BlueCross BlueShield of Tennessee Medical Policy Manual

Intravenous Anesthetics for the Treatment of Chronic Pain and Psychiatric Disorders

DESCRIPTION

Intravenous (IV) infusion of lidocaine or ketamine has been investigated for the treatment of migraine and chronic daily headache, fibromyalgia and chronic neuropathic pain. Chronic neuropathic pain disorders include phantom limb pain, postherpetic neuralgia, complex regional pain syndromes (CRPSs), diabetic neuropathy, and pain related to stroke or spinal cord injuries. For this application, one or more courses of IV infusion would be administered over a period of several hours or several days. IV infusion of lidocaine or ketamine has also been investigated for the treatment of psychiatric disorders, e.g., treatment resistant depression, suicidal ideation and obsessive-compulsive disorder.

Intractable pain presents a great challenge to individuals and their healthcare providers.  Recent studies, primarily from outside of the United States, suggests that IV courses of ketamine may provide at least temporary relief to some individuals with chronic pain.  The intense treatment protocols, severity of adverse effects, and limited durability raise questions about the overall health benefit of this procedure.  Additional clinical trials are needed to evaluate the long-term safety of repeated courses of IV anesthetics.

IV lidocaine is approved by the U.S. Food and Drug Administration (FDA) for systemic use in the acute treatment of arrhythmias and locally as an anesthetic. Ketamine hydrochloride injection is FDA-indicated for diagnostic and surgical procedures that do not require skeletal muscle relaxation, for the induction of anesthesia before the administration of other general anesthetic agents, and to supplement low-potency agents, such as nitrous oxide. IV ketamine and lidocaine for the treatment of chronic pain and psychiatric disorders is an off-label use.

POLICY

IMPORTANT REMINDERS

ADDITIONAL INFORMATION

There is a lack of evidence in the peer-reviewed literature evaluating the overall health benefit and long-term safety of repeat courses of IV anesthetics in the treatment of chronic pain and psychiatric disorders.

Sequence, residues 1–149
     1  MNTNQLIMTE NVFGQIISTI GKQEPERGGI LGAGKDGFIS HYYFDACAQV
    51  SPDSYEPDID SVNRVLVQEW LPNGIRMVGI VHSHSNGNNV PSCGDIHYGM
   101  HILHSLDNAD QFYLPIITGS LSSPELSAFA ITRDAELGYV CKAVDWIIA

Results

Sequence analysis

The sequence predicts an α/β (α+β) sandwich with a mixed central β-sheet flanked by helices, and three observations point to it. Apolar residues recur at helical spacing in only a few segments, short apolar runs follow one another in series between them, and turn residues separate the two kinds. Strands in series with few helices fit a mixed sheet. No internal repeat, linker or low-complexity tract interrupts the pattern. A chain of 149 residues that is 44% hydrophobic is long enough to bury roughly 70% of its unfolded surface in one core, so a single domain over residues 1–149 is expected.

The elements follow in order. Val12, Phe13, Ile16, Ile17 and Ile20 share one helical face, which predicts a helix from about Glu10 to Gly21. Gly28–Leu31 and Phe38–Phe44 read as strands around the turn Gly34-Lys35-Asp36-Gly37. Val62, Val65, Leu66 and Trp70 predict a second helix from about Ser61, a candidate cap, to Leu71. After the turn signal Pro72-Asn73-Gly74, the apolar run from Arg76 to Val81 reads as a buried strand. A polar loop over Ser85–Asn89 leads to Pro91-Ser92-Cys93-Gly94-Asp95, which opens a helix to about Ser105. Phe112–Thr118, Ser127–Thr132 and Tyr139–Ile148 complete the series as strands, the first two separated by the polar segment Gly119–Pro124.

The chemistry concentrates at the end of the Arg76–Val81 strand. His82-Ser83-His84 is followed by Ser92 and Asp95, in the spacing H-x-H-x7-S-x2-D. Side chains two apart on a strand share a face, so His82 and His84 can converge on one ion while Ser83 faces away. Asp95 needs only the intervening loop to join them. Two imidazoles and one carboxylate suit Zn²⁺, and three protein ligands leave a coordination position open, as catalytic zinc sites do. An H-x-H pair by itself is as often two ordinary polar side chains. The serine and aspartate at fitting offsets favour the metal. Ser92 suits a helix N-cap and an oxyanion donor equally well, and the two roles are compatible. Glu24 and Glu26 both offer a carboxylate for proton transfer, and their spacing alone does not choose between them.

SOURCES 

American Psychiatric Association. (2007). Practice guideline for the treatment of patients with obsessive-compulsive disorder. Retrieved December 26, 2018 from https://psychiatryonline.org/pb/assets/raw/sitewide/practice_guidelines/guidelines/ocd.pdf.

American Psychiatric Association. (2003). Practice guideline for the assessment and treatment of patients with suicidal behaviors. Retrieved December 26, 2018 from https://psychiatryonline.org/pb/assets/raw/sitewide/practice_guidelines/guidelines/suicide.pdf.

BlueCross BlueShield Association. Evidence Positioning System. (11:2018). Intravenous anesthetics for the treatment of chronic pain (5.01.16). Retrieved December 26, 2018 from https://www.evidencepositioningsystem.com. (32 articles and/or guidelines reviewed)

Chang, Y.C., Liu, C.L., Liu, T.P., Yang, P.S., Chen, M.J., & Cheng, S.P. (2017). Effect of perioperative intravenous lidocaine infusion on acute and chronic pain after breast surgery: a meta-analysis of randomized controlled trials. Pain Practice, 17 (3), 336-343. Abstract retrieved February 22, 2018 from PubMed database.

Hutson, P., Backonja, M., & Knurr, H. (2015). Intravenous lidocaine for neuropathic pain: a retrospective analysis of tolerability and efficacy. Pain Medicine, 16 (3), 531-536. Abstract retrieved February 22, 2018 from PubMed database.

Kim, Y.C., Castañeda, A.M., Lee, C.S., Jin, H.S., Park, K.S., & Moon, J.Y. (2018). Efficacy and safety of lidocaine infusion treatment for neuropathic pain: a randomized, double-blind, and placebo-controlled study. Regional Anesthesia and Pain Medicine, 43 (4), 415-424. Abstract retrieved December 26, 2018 from PubMed database.

National Institute for Health and Care Excellence (NICE). (2014, December; last updated February 2017). Neuropathic pain in adults: pharmacological management in non-specialist settings. Retrieved April 1, 2015 from www.nice.org.uk/guidance/cg173.

Przeklasa-Muszyńska, A., Kocot-Kepska, M., Dobrogowski, J., Wiatr, M., & Mika, J. (2016). Intravenous lidocaine infusions in a multidirectional model of treatment of neuropathic pain patients. Pharmacological Reports, 68 (5), 1069-1075. Abstract retrieved February 22, 2018 from PubMed database.

Winifred S. Hayes, Inc. Medical Technology Directory. (2017, April; last update search April 2018). Intravenous lidocaine infusion for neuropathic pain: a review of reviews. Retrieved December 26, 2018 from www.Hayesinc.com/subscribers. (57 articles and/or guidelines reviewed)

ORIGINAL EFFECTIVE DATE:  6/9/2012

MOST RECENT REVIEW DATE:  4/30/2019

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Policies included in the Medical Policy Manual are not intended to certify coverage availability. They are medical determinations about a particular technology, service, drug, etc. While a policy or technology may be medically necessary, it could be excluded in a member's benefit plan. Please check with the appropriate claims department to determine if the service in question is a covered service under a particular benefit plan. Use of the Medical Policy Manual is not intended to replace independent medical judgment for treatment of individuals. The content on this Web site is not intended to be a substitute for professional medical advice in any way. Always seek the advice of your physician or other qualified health care provider if you have questions regarding a medical condition or treatment. 

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